Gothic Tropes in Dracula: Novel and Film 11th Grade
This chapter from the novel ‘Dracula’ by Bram Stoker includes an abundance of conventions typical of the Gothic genre, primarily employed here through Stoker’s characterisation of Johnathan Harker, Count Dracula and the three seductive women. Published in the late 19th Century, at a time when the focus of the Gothic genre was often on the darker elements of the human psyche in the familiar setting of the modern world, ‘Dracula’, for the most part being set in Victorian Britain, indeed conformed to the genre norms of the time. However, this chapter contains a number of conventions established early on in the genre; a protagonist suffering an excess of emotional distress, caused by supernatural phenomena, the events taking place in in unfamiliar locations, distanced from the present. Indeed, such elements ensure the foundations of this novel are deep-rooted in the Gothic style.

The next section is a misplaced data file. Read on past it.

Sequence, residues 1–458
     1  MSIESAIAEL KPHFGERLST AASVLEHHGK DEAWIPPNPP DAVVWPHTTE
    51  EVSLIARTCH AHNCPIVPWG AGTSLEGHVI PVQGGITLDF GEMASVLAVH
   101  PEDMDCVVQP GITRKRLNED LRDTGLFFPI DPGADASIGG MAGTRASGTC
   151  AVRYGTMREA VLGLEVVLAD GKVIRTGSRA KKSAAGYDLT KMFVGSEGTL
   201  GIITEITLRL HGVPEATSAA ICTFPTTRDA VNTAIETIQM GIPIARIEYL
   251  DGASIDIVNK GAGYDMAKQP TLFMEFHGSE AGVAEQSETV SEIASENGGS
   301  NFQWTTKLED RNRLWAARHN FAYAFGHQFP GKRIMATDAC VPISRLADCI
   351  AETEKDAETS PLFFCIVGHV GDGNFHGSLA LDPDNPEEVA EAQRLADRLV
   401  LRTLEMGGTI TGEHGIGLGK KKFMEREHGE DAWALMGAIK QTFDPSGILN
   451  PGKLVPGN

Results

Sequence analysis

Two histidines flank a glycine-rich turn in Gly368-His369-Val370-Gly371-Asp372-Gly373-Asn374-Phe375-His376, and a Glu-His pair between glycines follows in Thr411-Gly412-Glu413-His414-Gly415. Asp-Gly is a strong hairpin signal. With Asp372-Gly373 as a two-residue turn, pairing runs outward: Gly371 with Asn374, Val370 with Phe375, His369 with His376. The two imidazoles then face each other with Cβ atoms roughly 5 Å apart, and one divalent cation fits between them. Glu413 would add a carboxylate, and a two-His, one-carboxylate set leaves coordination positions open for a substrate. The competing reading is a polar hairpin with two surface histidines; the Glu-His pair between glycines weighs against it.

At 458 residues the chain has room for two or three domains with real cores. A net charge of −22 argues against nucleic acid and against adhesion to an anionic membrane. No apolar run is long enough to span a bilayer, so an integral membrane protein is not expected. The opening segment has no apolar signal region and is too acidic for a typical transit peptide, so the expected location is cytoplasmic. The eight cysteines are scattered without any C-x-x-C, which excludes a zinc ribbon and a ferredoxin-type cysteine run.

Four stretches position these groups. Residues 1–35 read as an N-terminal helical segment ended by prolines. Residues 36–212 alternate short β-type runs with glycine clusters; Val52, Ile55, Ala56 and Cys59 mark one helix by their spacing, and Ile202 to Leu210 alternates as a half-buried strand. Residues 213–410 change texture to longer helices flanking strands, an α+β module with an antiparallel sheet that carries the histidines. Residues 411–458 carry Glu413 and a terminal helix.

The overtly sexual tone of this chapter establishes this a theme of the novel, indeed one which is common in the Gothic genre. Stoker depicts one of the recurring Gothic stereotypes of female characters in his portrayal of the three women introduced in this chapter; they are attractive, illusive and sexually assertive. Johnathan recounts how the “fair girl...
Join Now to View Premium Content
GradeSaver provides access to 1314 study guide PDFs and quizzes, 9858 literature essays, 2494 sample college application essays, 464 lesson plans, and ad-free surfing in this premium content, “Members Only” section of the site! Membership includes a 10% discount on all editing orders.
Already a member? Log in